Wednesday 21 March 2018

Stafford salvo stuns 'Vinnies' on dream day for Rathnew

Rathnew 1-13 St Vincent's 1-9

Rathnew players celebrate their victory Photo: Matt Browne/Sportsfile
Rathnew players celebrate their victory Photo: Matt Browne/Sportsfile
Conor McKeon

Conor McKeon

All last week, Harry Murphy's phone buzzed with media requests. "It's always the same when you play the Dubs," he laughed yesterday afternoon after his Rathnew team had pulled off arguably the shock of this GAA season and in doing so, added another layer of mystique to Aughrim's aura.

"But I think it was a token gesture. It was like, 'you're going to get beaten…but you might as well have your say before you get beaten'.

Jamie Snell of Rathnew in action against Shane Carty of St Vincent's Photo: Matt Browne/Sportsfile
Jamie Snell of Rathnew in action against Shane Carty of St Vincent's Photo: Matt Browne/Sportsfile

As it panned out, James Stafford had the decisive say, kicking the last 1-2 of the match to oust the reigning Dublin and Leinster champions and cast Rathnew into the semi-final of a provincial competition blown wide open by yesterday's sequence of results.

"I suppose we're a big fish in a small pond in Wicklow but outside of that people mightn't have given us a chance," noted the effervescent Leighton Glynn, a survivor of Rathnew's last great coup, their 2001 Leinster final replay defeat of Na Fianna.

"Written off by everyone bar ourselves," he added wryly.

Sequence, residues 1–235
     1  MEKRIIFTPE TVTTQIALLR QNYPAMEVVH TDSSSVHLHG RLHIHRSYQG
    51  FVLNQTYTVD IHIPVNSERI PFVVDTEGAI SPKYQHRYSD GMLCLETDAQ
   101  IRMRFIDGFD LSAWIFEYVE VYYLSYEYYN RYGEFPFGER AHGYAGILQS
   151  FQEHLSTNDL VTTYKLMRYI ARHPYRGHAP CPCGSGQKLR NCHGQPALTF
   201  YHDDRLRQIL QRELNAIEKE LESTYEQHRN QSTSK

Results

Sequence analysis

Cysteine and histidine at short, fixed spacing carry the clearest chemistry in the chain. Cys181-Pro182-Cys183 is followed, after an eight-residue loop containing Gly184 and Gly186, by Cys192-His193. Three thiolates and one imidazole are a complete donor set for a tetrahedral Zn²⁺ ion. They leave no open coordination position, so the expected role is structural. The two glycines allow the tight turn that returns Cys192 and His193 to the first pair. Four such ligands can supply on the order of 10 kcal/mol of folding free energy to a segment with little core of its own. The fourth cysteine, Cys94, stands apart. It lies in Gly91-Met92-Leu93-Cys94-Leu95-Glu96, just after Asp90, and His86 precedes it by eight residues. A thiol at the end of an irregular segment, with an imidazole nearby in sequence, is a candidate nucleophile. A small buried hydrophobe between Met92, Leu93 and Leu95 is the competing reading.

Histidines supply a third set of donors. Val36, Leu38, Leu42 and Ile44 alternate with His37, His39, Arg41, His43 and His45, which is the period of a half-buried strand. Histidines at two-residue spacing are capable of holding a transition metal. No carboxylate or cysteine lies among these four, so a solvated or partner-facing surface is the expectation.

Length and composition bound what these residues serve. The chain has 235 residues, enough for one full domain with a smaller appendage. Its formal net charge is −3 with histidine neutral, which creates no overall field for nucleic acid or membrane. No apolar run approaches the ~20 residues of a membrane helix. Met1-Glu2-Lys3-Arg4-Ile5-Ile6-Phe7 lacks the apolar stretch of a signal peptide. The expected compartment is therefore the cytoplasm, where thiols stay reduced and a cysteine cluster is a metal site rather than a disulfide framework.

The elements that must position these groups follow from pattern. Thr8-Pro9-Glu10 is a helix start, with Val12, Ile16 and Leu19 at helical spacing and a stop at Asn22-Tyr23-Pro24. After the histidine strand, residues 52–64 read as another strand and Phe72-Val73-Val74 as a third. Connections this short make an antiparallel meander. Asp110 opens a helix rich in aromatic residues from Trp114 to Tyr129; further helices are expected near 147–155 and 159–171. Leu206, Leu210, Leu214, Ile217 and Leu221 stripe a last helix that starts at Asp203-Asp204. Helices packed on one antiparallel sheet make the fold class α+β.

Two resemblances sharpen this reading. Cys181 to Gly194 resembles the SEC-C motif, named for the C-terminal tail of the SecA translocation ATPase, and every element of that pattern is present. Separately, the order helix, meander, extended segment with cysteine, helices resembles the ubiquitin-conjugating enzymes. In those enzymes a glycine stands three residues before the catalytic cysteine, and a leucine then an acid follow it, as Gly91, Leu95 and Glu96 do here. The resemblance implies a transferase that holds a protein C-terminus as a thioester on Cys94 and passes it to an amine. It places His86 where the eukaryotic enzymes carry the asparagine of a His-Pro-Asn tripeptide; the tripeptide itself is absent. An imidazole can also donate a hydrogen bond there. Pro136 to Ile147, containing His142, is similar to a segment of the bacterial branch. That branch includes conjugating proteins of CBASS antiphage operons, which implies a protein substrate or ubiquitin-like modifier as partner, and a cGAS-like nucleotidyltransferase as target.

They began the day as 15/2 outsiders and with some justification. Vincent's had won Leinster in their four previous attempts.

Four year old Graciebelle gives her dad James Stafford a hug after his win Photo: Matt Browne/Sportsfile
Four year old Graciebelle gives her dad James Stafford a hug after his win Photo: Matt Browne/Sportsfile

It had been six years since a Dublin club had been beaten in the provincial competition.

"We knew it was going to be a massive task. But we felt if we played as well as we could possible play, we could give them a good go," outlined Murphy, who managed the team to that 2001 triumph over Na Fianna.

More recently, Murphy had little joy with the Wicklow county team after taking over from Mick O'Dwyer in 2011 but yesterday was another day of days for him.

"And I don't think we could have played much better. We started a bit nervously and we gave them some chances early on."


Vincent's disappointment this week will be in knowing that for all their inertia, they should have kicked on after Mossy Quinn's goal put them in the lead in the 46th minute.

Instead, it was to be their last score of the game.

Without the injured Nathan Mullins, Brendan Egan and the unavailable Cameron Diamond, they found their reserves of back-up to be shallower than required.

Ger Brennan limped off midway through the second half.

Diarmuid Connolly, an injury doubt during the week, was peripheral throughout: he scored just a single pointed free, and never really escaped the adhesive attentions of Damien Power.